In 2018, the Academy of the Holy Cross used the Bridges for Schools grant to add Spanish-language content to the school website, translate admissions information, host open houses with Spanish-language translators, and launch a Parent Ambassador program that includes bilingual parents from the school community. In 2019, Holy Cross will continue their great work with the Parent Ambassadors Program. As explained by Danielle Ballantine, the school’s Director of Communications, “the Parent Ambassador Program at The Academy of the Holy Cross is an important way for us to connect with the community. We have over 45 parents, including several bilingual parents, who are already sharing their enthusiasm about Holy Cross and are actively involved both here and in their elementary and parish communities. Ambassadors provide prospective families their own personal experiences for navigating the high school selection process. Through the Parent Ambassador Program, we hope to continue to strengthen our relationships within the Latino community and further increase applications and enrollments of Latino students.” The Parent Ambassadors Program is just one example of how Holy Cross is working towards their mission to create a welcoming environment within and beyond the school bounds.
Washington, DC – The Crimsonbridge Foundation welcomes Robyn Attebury Ellis as its new program officer for College Success and Leadership. Since its inception in 2015, Crimsonbridge has invested in nonprofit leadership programs and in first-generation college success programs at universities, nonprofits, and research institutions. Ellis, who most recently served as the Director of College Readiness and Community Outreach at the University of the District of Columbia Community College (UDC-CC), will lead the expansion of programming and grantmaking in these two areas.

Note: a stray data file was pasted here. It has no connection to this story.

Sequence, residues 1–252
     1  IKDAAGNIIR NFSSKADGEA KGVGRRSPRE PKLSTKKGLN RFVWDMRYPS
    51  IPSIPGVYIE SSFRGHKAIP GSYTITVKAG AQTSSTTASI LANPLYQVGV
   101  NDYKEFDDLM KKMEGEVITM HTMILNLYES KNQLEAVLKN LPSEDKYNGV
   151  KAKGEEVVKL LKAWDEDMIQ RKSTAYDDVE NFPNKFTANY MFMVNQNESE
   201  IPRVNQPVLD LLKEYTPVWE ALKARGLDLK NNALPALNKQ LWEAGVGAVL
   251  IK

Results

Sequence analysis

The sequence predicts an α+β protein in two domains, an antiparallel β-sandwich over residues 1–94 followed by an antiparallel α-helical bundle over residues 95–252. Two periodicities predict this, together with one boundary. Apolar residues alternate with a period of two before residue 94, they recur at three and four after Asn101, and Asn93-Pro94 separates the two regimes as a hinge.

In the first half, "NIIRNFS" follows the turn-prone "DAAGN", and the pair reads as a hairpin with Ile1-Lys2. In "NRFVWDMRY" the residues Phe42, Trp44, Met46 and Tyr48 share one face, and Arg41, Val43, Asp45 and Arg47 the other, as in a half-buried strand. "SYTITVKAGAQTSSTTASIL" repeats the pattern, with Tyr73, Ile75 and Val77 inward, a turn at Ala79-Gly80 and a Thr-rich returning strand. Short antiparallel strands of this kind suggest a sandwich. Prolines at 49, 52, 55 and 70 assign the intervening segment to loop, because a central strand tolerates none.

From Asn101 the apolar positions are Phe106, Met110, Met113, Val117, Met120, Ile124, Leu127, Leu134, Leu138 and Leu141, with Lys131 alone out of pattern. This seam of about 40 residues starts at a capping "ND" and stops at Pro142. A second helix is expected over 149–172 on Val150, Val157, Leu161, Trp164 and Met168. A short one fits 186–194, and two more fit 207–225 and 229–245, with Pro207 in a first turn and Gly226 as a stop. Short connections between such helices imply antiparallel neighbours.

In her most recent role at UDC-CC, Ellis provided leadership and direction for college readiness programming and managed the largest and most inclusive dual enrollment program in the District of Columbia, establishing partnerships with 45 DC public and charter high schools and adult education programs.
Prior to joining UDC-CC, she worked as the Early College Coordinator at Bell Multicultural High School, a District of Columbia Public School, where she managed the early college and early high school programs and taught a college seminar. Before moving to DC, Ellis was the College Persistence and Volunteer Coordinator at Breakthrough Austin where she also mentored teachers in an intensive summer program for middle school students, the first in their family to go to college.
“Robyn not only comes with exceptional experience, but a true passion for helping students succeed in college and beyond.” says Danielle M. Reyes, executive director of the Crimsonbridge Foundation.
A native of Texas, Ellis received her bachelor’s degree in English at the University of Texas at Austin and holds a master’s degree in Comparative Education from the Institute of Education at the University of London in England. She lives in DC with her partner and their two children.